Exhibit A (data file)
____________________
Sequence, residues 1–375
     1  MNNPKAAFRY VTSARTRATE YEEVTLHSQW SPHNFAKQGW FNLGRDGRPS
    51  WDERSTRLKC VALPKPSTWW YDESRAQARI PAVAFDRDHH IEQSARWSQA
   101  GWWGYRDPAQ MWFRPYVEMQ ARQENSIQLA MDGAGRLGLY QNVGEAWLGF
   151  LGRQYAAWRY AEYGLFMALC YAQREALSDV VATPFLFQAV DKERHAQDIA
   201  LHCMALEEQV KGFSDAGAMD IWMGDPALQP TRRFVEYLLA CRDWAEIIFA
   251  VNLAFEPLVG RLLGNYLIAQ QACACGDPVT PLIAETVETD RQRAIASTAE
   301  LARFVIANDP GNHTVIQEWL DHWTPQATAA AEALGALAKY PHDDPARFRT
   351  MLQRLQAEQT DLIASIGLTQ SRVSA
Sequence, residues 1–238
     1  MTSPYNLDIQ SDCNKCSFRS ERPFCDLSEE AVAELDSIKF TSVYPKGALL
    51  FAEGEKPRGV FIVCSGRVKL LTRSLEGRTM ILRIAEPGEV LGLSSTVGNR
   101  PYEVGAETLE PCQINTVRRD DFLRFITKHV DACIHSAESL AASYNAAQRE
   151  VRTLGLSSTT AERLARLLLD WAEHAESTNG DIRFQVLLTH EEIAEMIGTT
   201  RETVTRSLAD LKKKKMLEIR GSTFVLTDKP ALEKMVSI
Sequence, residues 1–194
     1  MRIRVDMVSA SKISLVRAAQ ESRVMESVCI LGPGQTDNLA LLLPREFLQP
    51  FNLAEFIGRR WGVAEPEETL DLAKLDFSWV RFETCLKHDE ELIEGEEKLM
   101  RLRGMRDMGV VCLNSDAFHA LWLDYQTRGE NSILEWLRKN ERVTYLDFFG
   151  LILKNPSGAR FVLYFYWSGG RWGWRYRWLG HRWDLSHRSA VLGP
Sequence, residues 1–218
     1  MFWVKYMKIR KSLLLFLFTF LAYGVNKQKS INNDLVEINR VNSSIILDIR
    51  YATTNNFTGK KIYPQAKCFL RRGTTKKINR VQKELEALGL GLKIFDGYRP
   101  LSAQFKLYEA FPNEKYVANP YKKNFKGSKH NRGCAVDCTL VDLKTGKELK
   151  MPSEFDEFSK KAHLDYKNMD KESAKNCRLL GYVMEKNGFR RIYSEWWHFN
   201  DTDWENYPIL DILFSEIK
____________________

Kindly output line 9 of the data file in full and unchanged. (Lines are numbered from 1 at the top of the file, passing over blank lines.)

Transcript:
   351  MLQRLQAEQT DLIASIGLTQ SRVSA